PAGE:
The city's fire department must subject itself to court supervision for five years to ensure it does not discriminate against blacks and Hispanics in its hiring practices, a federal appeals court said Tuesday.
The 2nd U.S. Circuit Court of Appeals cited the "distressing pattern" within the department of insufficient minority hires, highlighted by a lawsuit brought more than a decade ago by a black firefighters' group, the Vulcan Society.
A three-judge panel of the Manhattan court reduced the requirements of a court-monitoring program to conform to its finding that a Brooklyn judge had improperly concluded without trial that the city intentionally discriminated. On the subject of intentional discrimination, the court voted 2-to-1.
It said such a finding would have to be reached at trial. It also removed U.S. District Court Judge Nicholas Garaufis from the case for trial purposes, noting he had branded the city's evidence "incredible," making it fair to question whether he could be impartial. He also called the FDNY "a stubborn bastion of white male privilege."
Still, the appeals court left him in control of the remedial process, calling him an "entirely fair-minded jurist."
The appeals panel noted that the percentage of black hires in the fire department had been below 4 percent for decades and that the current percent of 3.4 percent "compares woefully to the 16.6 percent achieved by the city's Police Department and the 61.4 percent achieved by the city's Corrections Department."
Of the city's 11,200 uniformed firefighters, 9 percent are black or Hispanic. More than half the residents in the city of 8 million identify with a racial minority group.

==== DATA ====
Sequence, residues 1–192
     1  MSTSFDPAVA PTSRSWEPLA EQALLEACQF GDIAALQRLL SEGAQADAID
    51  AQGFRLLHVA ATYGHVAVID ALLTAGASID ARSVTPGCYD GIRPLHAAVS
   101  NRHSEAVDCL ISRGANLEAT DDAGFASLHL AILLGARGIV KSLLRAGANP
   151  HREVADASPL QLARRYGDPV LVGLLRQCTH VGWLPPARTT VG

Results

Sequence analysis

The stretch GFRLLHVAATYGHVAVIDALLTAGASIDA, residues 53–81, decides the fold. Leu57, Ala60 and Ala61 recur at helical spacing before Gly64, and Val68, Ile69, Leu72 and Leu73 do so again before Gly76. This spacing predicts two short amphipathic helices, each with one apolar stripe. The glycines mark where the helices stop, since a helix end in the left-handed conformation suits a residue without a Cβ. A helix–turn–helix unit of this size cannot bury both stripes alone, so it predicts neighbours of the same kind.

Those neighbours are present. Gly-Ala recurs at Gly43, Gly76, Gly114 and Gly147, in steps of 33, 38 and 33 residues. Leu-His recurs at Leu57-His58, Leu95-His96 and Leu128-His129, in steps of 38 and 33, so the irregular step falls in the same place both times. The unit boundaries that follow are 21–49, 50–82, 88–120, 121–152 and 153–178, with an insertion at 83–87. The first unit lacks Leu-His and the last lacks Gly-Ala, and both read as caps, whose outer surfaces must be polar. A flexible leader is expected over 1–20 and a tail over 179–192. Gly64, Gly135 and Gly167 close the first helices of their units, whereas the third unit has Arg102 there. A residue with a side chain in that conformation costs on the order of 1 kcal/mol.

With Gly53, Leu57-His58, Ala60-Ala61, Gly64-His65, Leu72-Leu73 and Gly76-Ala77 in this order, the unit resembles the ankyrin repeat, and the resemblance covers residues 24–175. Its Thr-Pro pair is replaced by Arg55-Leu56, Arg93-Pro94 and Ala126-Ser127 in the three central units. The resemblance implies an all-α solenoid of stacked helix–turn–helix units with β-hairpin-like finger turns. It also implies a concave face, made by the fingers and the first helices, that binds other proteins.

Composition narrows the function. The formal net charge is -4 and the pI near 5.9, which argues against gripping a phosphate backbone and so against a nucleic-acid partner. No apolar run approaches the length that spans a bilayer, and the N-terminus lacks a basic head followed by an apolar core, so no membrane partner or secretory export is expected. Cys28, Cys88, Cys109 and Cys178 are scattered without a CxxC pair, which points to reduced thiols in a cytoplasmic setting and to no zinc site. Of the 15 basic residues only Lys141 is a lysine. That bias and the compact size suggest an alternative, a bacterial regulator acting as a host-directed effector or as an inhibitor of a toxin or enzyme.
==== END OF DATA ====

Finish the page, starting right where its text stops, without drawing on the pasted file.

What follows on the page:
Lawyers on both sides praised the decision.
Michael A. Cardozo, the city's top lawyer, called it a major victory for the city, saying the court had trimmed the period of supervision from 10 to five years and removed most of the "onerous provisions" of the court oversight, including a requirement to hire outside consultants.
"No longer will Judge Garaufis and the monitor he appoints be in effect running the fire department. The court made that clear," he said.
Cardozo said the decision also eliminated the stigma that a finding of intentional discrimination would carry.
Baher Azmy, legal director of the Center for Constitutional Rights, which represented the plaintiffs, called it a "dramatic victory and a recognition of the deep-seeded discriminatory practices" at the department.
Told of the city's claims of success, Azmy said: "Good grief. That replicates the sort of head-in-the-sand perspective they've always exhibited and their narrow-minded focus on their dispute with the judge."
He said the court had upheld about 90 percent of the remedial relief ordered by Garaufis.
Cardozo disputed Azmy's claims, saying the remedial relief had been cut in half.
"I think the other side is absolutely, totally incorrect," he said. "The fact that the fire department is under constant supervision and control by the federal courts has been very, very, very substantially altered."
It was unclear when the court oversight would begin. Garaufis appointed an independent monitor last October, but it has not been implemented pending appeal. Cardozo said Garaufis will have to issue a new order to conform to the 2nd Circuit's changes.
At an afternoon briefing, Cardozo refused to credit the lawsuit for improvements in fire department hiring, saying changes were made by then-Commissioner Nicholas Scoppetta after the Sept. 11 terrorist attacks and later by Commissioner Salvatore Cassano.
The appeals court reinstated federal claims against Scoppetta, saying a trial can determine whether a decision to continue using flawed tests to screen firefighter candidates indicated that the former commissioner had an intent to discriminate.
But it said claims against Mayor Michael Bloomberg were properly thrown out.